Abstract This paper discusses a different approach to defining rock types and lithofacies performed for the Hollin formation located in the Palo Azul field of Ecuador. The study includes a spectrum of depositional environments, which significantly influences geometry, diagenesis, and quality of the Hollin reservoir. This work integrates lithofacies and petrophysical properties using well log data, core, and sedimentological analyses to define rock types. Sedimentological analyses were performed to describe existing cores, thin sections, and X-ray diffraction results. Flow units were identified using flow zone indicator (FZI) and reservoir quality index (RQI) methods. These units were classified as functions of flow capacity (K/Phi) based on capillary pressure (Pc) and other special lab analyses. Capillary pressure enabled the grouping of rock flow units in accordance with the K/Phi ratio, similar RQI, and irreducible water saturation (Swirr) values. These rock types (RT) were correlated with the lithofacies identified using sedimentological analysis. The transgressive Hollin formation sequence includes fluvial mid-grained sandstones with cross stratification, tidal mid- to fine-grained sandstones with mud drapes and organic matter, and marine glauconitic sandstones with/without calcareous cement. Integrated sedimentological and petrophysical analysis defined five rock types (RT1-RT5). RT1 and RT2 correspond to tidal quarztarenites and fluvial sandstones with few discontinuous clay laminae, high permeability, and high porosity values. RT3 includes tidal fine-grained sandstones with abundant clay and organic matter in the matrix, which decreases flow capacity. RT4 is characterized by very fine- to fine-cemented tidal sandstones in which the diagenetic events close the porosity and permeability. RT5 is a muddy sequence of tidal/fluvial environments, marine shales, and well-cemented glauconitic sandstones. These rocks present negligible permeability and low porosity. In conclusion, the reservoirs deposited in tidal bars and fluvial channels have major flow capacity and storage characteristics, whereas the rocks of the shallow marine and sand flat environments present poor reservoir quality. This integrated petrophysical and sedimentological work presents an alternative method for identifying rock types by using flow capacity and the integration of conventional core data, sedimentological analysis, petrographic and diagenetic description, capillary pressure, well logs, and reservoir information. The results from this method were incorporated in the geocellular model for reservoir simulation.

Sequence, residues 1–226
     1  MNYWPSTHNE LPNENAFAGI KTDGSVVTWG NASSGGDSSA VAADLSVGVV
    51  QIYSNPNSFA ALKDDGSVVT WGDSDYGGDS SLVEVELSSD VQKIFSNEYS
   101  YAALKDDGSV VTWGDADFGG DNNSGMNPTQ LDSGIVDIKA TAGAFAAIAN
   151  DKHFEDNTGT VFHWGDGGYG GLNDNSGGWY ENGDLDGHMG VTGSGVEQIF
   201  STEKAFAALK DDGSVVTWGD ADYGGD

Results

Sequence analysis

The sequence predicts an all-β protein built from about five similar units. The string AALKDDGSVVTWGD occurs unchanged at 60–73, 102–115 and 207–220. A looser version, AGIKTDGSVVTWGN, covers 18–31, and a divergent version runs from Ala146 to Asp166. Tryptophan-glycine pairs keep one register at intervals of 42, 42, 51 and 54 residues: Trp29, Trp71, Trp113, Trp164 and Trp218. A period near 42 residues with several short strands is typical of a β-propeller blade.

Reeder, Stacy Lynn (Schlumberger) | Kleinberg, Robert L. (Schlumberger) | Vissapragada, Badarinadh (Schlumberger) | Machlus, Malka (Schlumberger) | Herron, Michael M. (Schlumberger) | Burnham, Alan (American Oil Shale LLC) | Allix, Pierre (Total Exploration and Production)